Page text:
This guest post is by Shared Lives carer and ex-marine, Phil, who tweets as @SharedLives4. Thanks Phil!
“I write this brief note aware that it does not have the polish of a seasoned writer on the subject, so please forgive me for the rudimentary mistakes of grammar etc.
However I felt compelled to write it after attending the Shared Lives Conference in London last week. I attended the conference for the first time last week and if I’m honest I was pleasantly surprised to attend a Social Care / Health Conference, which spoke of the critical importance the Carers were to the progress of the Charity.
I made the trip on behalf of my wife, who is the main carer in our household. She came to UK 12 years ago from Uzbekistan and struck up a close friendship with my aunty Elsa and it was not long after that that she became passionate about the ethos and concept of Shared Lives.
I have to admit I travelled to the conference with a feeling of trepidation as I had been informed by various sources that the Conference had not been very well attended by Carers over the years. The carers I had spoken with felt it had lost its soul a little and had become just another Corporate Conference.
I have had an association with Shared Lives since I was 10 years old, as my aunt started caring via the first project in Liverpool with help the redoubtable Sue Newton. In fact 40 years later “our Linda “, as she was known, who my aunt had cared for all those years ago, moved in with me 5 years ago. My aunt had to retire earlier than she planned from Shared Lives, as she had to devote her time to her terminally ill husband.
Therefore as young boy staying over at my aunt’s house at the age of 10, I would never have believed that “our Linda” would be living in my home, as part of my family, 35 years later!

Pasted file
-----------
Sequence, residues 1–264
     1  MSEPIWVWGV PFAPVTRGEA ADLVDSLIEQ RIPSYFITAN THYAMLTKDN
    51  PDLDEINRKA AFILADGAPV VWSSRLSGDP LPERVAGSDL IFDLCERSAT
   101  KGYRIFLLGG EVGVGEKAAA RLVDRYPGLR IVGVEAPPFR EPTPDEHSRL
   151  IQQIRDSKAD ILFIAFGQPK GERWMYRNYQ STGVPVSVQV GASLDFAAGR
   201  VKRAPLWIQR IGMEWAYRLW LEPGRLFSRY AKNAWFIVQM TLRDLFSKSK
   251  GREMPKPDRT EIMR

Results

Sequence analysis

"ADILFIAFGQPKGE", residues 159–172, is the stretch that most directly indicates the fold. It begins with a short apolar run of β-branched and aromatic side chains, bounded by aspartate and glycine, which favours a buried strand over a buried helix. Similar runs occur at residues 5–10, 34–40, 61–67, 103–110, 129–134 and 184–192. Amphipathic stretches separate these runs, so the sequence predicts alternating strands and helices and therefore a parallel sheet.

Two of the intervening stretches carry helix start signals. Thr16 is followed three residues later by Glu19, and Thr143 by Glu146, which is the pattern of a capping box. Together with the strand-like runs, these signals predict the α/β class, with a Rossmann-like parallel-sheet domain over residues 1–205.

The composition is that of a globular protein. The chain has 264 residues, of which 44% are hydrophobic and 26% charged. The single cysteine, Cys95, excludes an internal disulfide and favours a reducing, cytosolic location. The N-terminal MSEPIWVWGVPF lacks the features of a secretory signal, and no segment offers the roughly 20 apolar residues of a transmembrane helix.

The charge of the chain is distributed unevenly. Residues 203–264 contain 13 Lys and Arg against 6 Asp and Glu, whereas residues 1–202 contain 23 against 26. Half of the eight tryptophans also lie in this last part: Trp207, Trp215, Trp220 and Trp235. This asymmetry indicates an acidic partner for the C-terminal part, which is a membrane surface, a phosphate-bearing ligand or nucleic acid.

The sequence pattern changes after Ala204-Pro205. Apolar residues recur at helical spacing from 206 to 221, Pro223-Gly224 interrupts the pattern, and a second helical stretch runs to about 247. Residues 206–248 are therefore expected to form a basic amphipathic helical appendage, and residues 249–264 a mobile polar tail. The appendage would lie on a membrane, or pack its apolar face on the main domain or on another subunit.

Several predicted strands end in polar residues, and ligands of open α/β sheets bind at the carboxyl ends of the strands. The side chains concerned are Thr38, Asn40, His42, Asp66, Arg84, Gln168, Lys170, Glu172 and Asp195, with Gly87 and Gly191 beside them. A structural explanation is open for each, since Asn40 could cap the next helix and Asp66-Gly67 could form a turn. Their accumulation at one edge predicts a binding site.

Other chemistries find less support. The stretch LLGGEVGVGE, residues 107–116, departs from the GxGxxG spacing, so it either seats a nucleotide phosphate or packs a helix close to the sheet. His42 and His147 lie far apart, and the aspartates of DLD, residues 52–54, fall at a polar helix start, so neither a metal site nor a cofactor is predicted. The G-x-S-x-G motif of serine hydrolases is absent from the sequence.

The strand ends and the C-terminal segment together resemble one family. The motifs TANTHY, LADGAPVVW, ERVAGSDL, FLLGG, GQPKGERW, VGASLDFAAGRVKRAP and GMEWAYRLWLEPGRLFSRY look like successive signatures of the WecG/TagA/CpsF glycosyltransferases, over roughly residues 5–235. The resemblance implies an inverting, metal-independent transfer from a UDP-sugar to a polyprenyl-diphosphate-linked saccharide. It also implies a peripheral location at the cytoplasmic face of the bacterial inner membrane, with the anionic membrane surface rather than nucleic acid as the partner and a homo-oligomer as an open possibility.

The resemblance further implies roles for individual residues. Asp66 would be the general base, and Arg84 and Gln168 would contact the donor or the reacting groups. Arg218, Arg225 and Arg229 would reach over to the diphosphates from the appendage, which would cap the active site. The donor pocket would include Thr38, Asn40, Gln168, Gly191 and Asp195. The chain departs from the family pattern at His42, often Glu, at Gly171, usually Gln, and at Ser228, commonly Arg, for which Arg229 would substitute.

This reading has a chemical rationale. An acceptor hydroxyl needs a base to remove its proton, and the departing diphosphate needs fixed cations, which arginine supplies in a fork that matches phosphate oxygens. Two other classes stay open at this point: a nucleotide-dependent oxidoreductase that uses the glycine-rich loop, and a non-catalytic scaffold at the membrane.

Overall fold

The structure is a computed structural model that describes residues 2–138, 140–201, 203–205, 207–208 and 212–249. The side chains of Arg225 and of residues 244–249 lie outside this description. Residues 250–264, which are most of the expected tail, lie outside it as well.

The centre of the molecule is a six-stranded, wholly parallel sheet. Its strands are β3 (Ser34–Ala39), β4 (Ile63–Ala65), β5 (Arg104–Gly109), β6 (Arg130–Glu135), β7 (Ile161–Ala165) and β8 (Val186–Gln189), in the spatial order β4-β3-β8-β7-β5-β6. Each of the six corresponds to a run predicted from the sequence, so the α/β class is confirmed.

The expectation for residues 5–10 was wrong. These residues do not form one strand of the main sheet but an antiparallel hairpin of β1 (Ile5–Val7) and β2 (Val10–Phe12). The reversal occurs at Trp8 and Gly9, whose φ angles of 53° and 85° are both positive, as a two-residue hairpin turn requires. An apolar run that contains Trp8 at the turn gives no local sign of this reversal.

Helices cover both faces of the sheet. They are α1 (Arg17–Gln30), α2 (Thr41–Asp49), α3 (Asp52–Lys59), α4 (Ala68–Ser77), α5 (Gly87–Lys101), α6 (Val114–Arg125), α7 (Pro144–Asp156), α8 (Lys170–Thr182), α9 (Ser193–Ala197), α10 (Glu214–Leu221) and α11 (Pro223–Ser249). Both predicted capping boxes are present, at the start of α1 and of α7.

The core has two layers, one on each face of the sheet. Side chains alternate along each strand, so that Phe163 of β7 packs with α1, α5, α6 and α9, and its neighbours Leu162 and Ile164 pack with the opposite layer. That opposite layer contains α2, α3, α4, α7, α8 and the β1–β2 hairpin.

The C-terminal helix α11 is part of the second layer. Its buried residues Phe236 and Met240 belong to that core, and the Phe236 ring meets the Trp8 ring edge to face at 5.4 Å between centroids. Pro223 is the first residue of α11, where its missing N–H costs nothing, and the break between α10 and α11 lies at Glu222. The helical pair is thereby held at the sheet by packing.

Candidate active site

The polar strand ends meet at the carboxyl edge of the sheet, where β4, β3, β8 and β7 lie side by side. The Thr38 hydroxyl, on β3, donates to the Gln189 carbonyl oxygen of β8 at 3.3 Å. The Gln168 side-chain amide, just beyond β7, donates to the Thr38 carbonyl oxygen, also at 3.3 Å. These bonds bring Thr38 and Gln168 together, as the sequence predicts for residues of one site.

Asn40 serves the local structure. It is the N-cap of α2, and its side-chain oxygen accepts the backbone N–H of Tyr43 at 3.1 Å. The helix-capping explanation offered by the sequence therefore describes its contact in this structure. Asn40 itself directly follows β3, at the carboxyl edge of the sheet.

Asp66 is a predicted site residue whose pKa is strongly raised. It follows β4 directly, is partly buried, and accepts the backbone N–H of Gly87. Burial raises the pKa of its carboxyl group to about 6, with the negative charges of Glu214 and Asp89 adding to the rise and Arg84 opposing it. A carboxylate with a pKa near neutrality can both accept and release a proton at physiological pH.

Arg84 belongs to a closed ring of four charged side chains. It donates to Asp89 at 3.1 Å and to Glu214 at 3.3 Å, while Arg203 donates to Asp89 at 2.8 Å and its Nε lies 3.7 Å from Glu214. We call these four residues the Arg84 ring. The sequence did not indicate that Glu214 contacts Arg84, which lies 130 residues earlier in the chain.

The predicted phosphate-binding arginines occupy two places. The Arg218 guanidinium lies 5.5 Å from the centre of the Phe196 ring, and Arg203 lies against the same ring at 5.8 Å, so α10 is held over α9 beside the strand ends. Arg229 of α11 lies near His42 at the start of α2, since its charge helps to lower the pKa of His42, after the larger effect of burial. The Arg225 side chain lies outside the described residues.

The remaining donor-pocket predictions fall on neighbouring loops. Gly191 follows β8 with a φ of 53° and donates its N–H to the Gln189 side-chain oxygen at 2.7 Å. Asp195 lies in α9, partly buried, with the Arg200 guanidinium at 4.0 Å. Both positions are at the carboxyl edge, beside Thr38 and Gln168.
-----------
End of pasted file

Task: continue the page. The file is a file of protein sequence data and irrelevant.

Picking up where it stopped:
Which brings me to the conference: while there were some excellent speeches and lots of positive rhetoric, for me it was the conversations with the carers that really were heartfelt. The passion and commitment of living 24hours a day, 7 days week of people who truly loved their role as carers, was the highlight of the conference for me.
The most important speeches in my humble opinion was a workshop which involved 2 carers Sam and David, who like myself had a family connection with Shared Lives and grew up with the project at its infancy. The words they spoke were simply from the heart and it was told with a humility and dignity, which quite frankly brought a tear to this ex-Marine’s eyes.
I’m not ignorant of the hard work that the professionals involved in the schemes are doing, as when speaking with them it was clear how passionate they are for Shared Lives to succeed. In fact as social worker myself I know the commitment my colleagues have for their work, but now as a carer I truly empathise with the life changing sacrifices that they make each day.
It is for this reason that I sincerely do hope and pray that the momentum from the conference that has placed the carers of Shared Lives at the forefront of the minds of professionals, politicians and decision makers is not lost. It would be tragic if the fire that shone so brightly at the conference were to become merely just embers after several weeks.”